It ain’t much but it’s all I got

Yesterday, in his strenuous efforts to avoid writing a story, Mr Pixel found and watched a video on wealth inequality in America.

Ten hours later he still knew all the figures: 15.1% living below the poverty line; 1% who hold 40% of America’s wealth; the vast disparity between what people think is happening and what is actually happening, let alone the ideal that 92% of respondents voted for. He’s outraged.

We are not American; we do not live in America.

There is no reason on God’s green earth why he should have watched that video; he did, he said, because he’s a curious bird. (Mo Willem’s phrase has much life in our house. Or to put it another way – Hello, intellectual over-excitability!)

There are, on the other hand, a stack of reasons why he should’ve been writing a story: he’d had a great time in class, collaborating with other, similarly-humored kids to come up with the four characters they were supposed to write about; a genre he’s more than familiar with; a teacher he adores who in turn adores him; the plan that she’d collect all their stories, type them and bind them, so each kid would see their work ‘in print’ and also see how others had explored the same basic idea. Since he ran out of puff and needed to leave before they’d begun writing, the teacher said she’d look forward to receiving his story by email, any time until late the next night. You really can’t ask for better support than that.

But none of it – not the class craic, the amazing teacher connection, the flexible deadline, the reward of a bound printout – is enough to motivate Mr Pixel over the hill of anxiety that stops him writing. Because that is what it is: he freezes like a rabbit in the spotlight of having to make a choice out of the multitude of possibilities and he just. Can. Not.

We talked about perfectionism and how there’s no wrong answer; we talked about the fact that he’s able, if he’d give it a go. (I’ve read about dysgraphia; I don’t think that’s it, but then last night someone on a forum said something that’s sent me back down that rabbit-hole, so watch this space.) Besides the anxiety, there’s a great deal of genetic stubborn here (which if you ask me, he owns far too proudly): for eight years now, he’s consistently maintained that he doesn’t do writing, and so far nobody’s been able to budge that for more than a sentence or two. Scribing, voice-to-text, story prompts: they’ve all been flat-out rejected. He knows what I’m up to and he’s not having a bar of it.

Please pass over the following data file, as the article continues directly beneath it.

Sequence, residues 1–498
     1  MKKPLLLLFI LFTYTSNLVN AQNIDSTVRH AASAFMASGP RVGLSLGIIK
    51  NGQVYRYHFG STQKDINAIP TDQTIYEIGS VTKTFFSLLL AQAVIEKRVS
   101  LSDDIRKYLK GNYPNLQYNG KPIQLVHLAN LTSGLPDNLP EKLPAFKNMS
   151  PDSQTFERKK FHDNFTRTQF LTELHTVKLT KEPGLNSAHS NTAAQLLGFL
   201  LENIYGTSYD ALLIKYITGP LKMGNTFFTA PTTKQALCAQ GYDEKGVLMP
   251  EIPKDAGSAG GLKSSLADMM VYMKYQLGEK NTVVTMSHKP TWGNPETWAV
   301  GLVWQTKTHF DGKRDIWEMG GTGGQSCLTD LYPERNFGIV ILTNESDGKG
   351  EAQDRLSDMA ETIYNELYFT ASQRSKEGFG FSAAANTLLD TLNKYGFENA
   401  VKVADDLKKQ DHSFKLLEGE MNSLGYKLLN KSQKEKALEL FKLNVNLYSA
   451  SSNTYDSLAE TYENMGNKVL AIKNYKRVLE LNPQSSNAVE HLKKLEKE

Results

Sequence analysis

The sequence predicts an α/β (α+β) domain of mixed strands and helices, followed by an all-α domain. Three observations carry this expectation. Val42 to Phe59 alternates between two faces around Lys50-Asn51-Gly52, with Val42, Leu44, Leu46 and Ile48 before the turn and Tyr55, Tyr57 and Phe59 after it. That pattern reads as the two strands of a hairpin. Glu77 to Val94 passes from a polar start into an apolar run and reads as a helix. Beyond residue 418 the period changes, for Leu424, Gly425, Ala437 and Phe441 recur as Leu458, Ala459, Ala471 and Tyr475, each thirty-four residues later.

I can’t tell you how nuts this makes me. The point-blank refusal sends me nuclear. Every time I hear ‘no’, I’ll be honest, there’s a reflexive bit of me that wants to reach for my Momma badge, the one that says DAMMIT, I AM IN CHARGE. There are so many good reasons to try and make him do it. Not least, the insult is galling: I’m smart enough, you’d think I could fix this.

But I’ve learned that that is my problem. Making it a power play turns it into a fight, which means he’s not writing. And writing is the goal, is it not?

So we played a bit with Google docs. We wrote each other questions and answers; he wrote a couple of lines about a fat, dumb gamer who met a Ninja who helped him defeat someone who wanted to win a tournament. Needless to say none of that bore any relevance to the assignment and after about fifteen minutes he was over it and quit.

But you know what? I’m counting it as a win. I’m gonna go ahead and celebrate because in that short process he did plenty of rewriting and self-editing. I am shouting it to the skies because it’s the closest he’s ever come to writing a story and even in two sentences his sense of humour shone through and really, truly, that’s all I want: my kid to learn to overcome his anxiety and learn to express himself.

In fact, since he learned something about wealth inequality in America, too, I’m counting it as two wins. The class about statistics is another thing he wouldn’t do, but left to his own devices he stumbled onto it anyway and the conversations have begun. I’m reading up and ready to talk.

Because this is Mr Pixel’s wiring: anxious and stubborn and avoidant as all hell, and yet burning relentlessly away underneath all that is the insatiable need to know. In our house, this is what gifted looks like.